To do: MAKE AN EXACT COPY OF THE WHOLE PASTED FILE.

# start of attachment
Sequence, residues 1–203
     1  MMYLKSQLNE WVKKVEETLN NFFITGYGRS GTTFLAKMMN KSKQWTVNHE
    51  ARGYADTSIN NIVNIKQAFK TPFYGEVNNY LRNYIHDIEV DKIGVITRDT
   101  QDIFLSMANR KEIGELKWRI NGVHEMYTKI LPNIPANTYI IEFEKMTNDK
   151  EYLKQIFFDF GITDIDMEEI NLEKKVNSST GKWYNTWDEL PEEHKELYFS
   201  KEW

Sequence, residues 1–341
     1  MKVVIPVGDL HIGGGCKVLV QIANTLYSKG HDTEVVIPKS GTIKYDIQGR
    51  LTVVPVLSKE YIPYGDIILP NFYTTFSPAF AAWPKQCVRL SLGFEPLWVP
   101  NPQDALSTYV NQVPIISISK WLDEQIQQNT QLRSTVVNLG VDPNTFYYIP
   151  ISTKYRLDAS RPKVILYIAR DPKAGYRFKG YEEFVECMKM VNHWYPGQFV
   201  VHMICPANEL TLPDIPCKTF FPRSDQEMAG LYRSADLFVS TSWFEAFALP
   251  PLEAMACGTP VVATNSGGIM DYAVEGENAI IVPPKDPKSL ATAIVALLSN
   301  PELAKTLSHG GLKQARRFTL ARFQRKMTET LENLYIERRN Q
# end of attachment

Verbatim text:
Sequence, residues 1–203
     1  MMYLKSQLNE WVKKVEETLN NFFITGYGRS GTTFLAKMMN KSKQWTVNHE
    51  ARGYADTSIN NIVNIKQAFK TPFYGEVNNY LRNYIHDIEV DKIGVITRDT
   101  QDIFLSMANR KEIGELKWRI NGVHEMYTKI LPNIPANTYI IEFEKMTNDK
   151  EYLKQIFFDF GITDIDMEEI NLEKKVNSST GKWYNTWDEL PEEHKELYFS
   201  KEW

Sequence, residues 1–341
     1  MKVVIPVGDL HIGGGCKVLV QIANTLYSKG HDTEVVIPKS GTIKYDIQGR
    51  LTVVPVLSKE YIPYGDIILP NFYTTFSPAF AAWPKQCVRL SLGFEPLWVP
   101  NPQDALSTYV NQVPIISISK WLDEQIQQNT QLRSTVVNLG VDPNTFYYIP
   151  ISTKYRLDAS RPKVILYIAR DPKAGYRFKG YEEFVECMKM VNHWYPGQFV
   201  VHMICPANEL TLPDIPCKTF FPRSDQEMAG LYRSADLFVS TSWFEAFALP
   251  PLEAMACGTP VVATNSGGIM DYAVEGENAI IVPPKDPKSL ATAIVALLSN
   301  PELAKTLSHG GLKQARRFTL ARFQRKMTET LENLYIERRN Q